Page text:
“The reports of my death have been greatly exaggerated,” Mark Twain once wrote, after a newspaper mistakenly published his obituary.
The same, it can be said, applies to the Cats Incredible Catfish Tournament, and for participants and others who enjoy the venerable East Grand Forks fishing event, that’s good news indeed.
Cats Incredible, by all indications, is alive and well.
As I reported in this space two weeks ago, the East Grand Forks firefighters union -- International Association of Firefighters Local 3423 -- which has run Cats Incredible since 2013, was concerned about the low number of teams that had signed up to fish the tournament, which is set for July 27-28 on the Red River out of LaFave Park in East Grand Forks.
Cats Incredible is open to 125 two-person teams, and the number of teams officially on the books at that point was closer to 25. If at least 60 teams weren’t signed up by early July, organizers were thinking about canceling Cats Incredible for this year.
The scenario since has taken a major turn for the better. Cats Incredible has ramped up its social media presence with daily posts on its Facebook page, and at last count, more than 50 teams were signed up to fish.
It’s good to see the tourney, an East Grand Forks fixture since 1988, appears to be back on track.
Cats Incredible events will kick off at 7 p.m. Friday, July 26, with a meeting for competing anglers at tournament headquarters.
Fishing hours are from 7 a.m. to 4 p.m. July 27-28, with tournament boundaries from Riverside Dam upstream to Frog Point, a distance of 38 river miles; daily weigh-ins will be at LaFave Park. There’s also a street dance planned for 6 p.m. to midnight on Saturday, July 27, at the tournament headquarters site.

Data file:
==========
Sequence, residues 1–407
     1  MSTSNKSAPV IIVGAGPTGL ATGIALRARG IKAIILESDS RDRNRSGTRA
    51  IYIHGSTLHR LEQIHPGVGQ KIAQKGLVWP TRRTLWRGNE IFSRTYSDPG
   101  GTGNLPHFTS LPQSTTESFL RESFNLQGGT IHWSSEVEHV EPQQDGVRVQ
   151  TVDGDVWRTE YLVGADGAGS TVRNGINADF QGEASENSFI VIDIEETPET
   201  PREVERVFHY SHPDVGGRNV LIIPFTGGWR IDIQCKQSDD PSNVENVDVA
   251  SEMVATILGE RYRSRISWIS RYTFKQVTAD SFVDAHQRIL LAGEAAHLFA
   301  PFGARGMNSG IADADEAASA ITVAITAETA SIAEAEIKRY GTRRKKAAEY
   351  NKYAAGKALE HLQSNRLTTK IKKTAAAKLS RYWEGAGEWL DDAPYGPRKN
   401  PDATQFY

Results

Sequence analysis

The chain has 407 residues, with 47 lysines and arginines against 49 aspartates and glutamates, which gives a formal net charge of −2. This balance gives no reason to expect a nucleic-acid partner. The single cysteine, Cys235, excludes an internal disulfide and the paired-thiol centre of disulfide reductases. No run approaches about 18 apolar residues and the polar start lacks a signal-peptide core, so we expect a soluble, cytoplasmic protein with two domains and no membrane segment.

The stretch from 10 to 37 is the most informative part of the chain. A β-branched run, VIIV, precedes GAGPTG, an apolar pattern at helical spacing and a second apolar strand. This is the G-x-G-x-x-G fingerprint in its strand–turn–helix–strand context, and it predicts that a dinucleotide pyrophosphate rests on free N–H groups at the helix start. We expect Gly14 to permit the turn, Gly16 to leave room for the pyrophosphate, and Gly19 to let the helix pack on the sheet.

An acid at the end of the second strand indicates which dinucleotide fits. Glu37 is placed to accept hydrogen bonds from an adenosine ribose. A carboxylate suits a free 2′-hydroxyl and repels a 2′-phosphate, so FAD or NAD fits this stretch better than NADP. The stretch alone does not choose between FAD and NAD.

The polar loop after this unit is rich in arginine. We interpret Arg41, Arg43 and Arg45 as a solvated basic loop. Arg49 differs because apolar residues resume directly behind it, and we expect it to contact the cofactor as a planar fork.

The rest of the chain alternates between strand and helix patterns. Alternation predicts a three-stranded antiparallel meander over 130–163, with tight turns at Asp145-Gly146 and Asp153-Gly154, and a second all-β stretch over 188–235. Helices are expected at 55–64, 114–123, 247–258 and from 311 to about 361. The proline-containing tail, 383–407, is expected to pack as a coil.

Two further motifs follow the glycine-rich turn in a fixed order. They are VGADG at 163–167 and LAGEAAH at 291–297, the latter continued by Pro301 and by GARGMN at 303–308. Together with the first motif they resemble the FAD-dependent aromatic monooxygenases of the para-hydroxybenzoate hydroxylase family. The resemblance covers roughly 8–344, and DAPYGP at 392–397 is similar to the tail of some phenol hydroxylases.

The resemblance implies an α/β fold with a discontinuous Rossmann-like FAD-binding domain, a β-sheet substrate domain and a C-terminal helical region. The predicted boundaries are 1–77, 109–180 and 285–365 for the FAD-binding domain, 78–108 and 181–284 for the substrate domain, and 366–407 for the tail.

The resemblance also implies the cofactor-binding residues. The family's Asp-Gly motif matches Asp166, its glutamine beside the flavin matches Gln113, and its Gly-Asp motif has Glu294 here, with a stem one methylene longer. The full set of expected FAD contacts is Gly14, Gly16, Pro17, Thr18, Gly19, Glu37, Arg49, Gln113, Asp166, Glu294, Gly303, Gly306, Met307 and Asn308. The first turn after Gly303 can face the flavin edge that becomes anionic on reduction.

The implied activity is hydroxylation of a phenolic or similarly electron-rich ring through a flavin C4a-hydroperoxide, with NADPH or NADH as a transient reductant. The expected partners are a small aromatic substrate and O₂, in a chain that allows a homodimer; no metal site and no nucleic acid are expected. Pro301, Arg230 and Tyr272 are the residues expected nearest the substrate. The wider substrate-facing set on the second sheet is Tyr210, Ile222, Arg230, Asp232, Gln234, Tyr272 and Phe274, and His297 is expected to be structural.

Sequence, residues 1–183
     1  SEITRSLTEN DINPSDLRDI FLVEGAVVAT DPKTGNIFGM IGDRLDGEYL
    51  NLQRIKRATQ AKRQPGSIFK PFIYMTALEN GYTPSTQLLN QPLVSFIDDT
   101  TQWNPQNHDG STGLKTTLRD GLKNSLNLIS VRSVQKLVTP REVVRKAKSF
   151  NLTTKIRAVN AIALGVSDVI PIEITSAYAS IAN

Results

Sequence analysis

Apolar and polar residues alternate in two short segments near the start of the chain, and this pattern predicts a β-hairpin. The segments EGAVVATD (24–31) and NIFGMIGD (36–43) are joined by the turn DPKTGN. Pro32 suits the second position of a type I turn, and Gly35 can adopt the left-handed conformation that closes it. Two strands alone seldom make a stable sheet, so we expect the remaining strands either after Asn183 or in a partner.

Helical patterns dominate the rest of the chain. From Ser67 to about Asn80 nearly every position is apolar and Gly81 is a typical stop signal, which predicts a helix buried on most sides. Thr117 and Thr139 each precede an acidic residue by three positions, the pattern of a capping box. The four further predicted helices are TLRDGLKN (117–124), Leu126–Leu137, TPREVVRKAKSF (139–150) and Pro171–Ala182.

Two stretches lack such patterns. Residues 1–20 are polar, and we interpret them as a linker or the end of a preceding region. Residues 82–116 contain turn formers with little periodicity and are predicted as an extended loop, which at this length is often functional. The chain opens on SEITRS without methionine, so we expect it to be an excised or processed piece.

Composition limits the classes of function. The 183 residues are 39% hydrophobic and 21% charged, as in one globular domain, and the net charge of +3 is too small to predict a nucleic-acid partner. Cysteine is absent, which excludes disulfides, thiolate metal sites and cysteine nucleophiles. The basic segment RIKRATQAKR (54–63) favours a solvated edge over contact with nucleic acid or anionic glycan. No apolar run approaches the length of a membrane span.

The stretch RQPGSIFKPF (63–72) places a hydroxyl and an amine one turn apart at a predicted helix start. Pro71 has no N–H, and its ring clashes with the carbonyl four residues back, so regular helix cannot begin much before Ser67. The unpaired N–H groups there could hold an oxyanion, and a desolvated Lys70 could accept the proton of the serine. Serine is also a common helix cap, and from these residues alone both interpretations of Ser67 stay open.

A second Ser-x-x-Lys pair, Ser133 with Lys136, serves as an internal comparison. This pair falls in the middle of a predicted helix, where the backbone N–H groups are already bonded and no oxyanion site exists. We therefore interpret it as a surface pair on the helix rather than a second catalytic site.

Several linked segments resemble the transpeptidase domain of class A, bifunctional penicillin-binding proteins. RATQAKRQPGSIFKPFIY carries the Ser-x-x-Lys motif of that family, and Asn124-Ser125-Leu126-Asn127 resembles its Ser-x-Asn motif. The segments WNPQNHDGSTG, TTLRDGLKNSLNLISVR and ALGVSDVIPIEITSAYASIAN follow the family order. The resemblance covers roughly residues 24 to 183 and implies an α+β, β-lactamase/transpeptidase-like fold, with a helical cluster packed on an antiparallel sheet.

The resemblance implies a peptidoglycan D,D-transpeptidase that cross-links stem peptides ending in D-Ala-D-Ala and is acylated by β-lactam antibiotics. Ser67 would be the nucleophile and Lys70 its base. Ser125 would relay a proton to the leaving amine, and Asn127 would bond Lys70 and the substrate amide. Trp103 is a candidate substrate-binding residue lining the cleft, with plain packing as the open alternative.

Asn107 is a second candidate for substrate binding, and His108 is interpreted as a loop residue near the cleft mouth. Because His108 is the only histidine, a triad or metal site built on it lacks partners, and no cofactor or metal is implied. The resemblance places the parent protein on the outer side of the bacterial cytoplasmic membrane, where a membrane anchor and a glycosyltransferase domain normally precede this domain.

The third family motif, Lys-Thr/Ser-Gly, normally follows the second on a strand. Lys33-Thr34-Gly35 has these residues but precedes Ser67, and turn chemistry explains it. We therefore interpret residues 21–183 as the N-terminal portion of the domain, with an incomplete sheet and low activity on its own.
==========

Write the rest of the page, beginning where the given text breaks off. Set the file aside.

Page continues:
There’s still time for anglers to get off the fence and sign up for Cats Incredible. The entry fee is $230 per two-person team. Sign up online at www.catsincredibletournament.com or fill out the website entry form and mail to IAFF Local 3423, 415 Fourth St. NW, East Grand Forks MN 56721.
Showy and spectacular
Last year about this time, I was pleasantly surprised to find pink lady’s slippers growing in a ditch on our property in northern Minnesota. The discovery marked the first time I’d ever seen these wild orchids -- Minnesota’s state flower -- growing on our land.
I was pleasantly surprised to find them in the same place again last weekend.
Late June and early July is prime time for these flowers -- also known as showy lady’s slippers -- and a nearby wildlife management area had an abundance of the state flowers that were just beginning to bloom two weeks ago when three of us took a drive through the area.
According to information I found on the Minnesota Department of Natural Resources website, showy lady’s slippers grow “in spruce and tamarack bogs, swamps, wet meadows, wet prairies and cool, damp woods” and can be found anywhere in Minnesota where these habitats exist.
That explains why they’ve recently appeared on our property and thrive on public lands in northwest Minnesota such as Roseau River Wildlife Management Area, Beltrami Island State Forest and Tamarack National Wildlife Refuge, to name just a few places.
A few more showy lady’s slipper tidbits from the DNR website:
Minnesota has regulated the collection and commercial sale of showy lady’s slippers since 1925. Look, but don’t touch, in other words. And definitely don’t pick.
In its first year, the showy lady’s slipper grows only as tall as a pencil point.
Showy lady’s slippers may produce half a million seeds a year, each of “which are as fine as flour dust.”
Showy lady’s slippers may live to be up to 100 years old.
Even though they’re Minnesota’s state flower, showy lady’s slippers aren’t common and “can be hurt by wetland drainage, road construction, tree cuttings and illegal picking and uprooting.” Spraying herbicides along road edges also can hurt the plants.
For more information on these spectacular flowers, check out the DNR website at www.mndnr.gov and type “showy lady’s slipper” in the search window.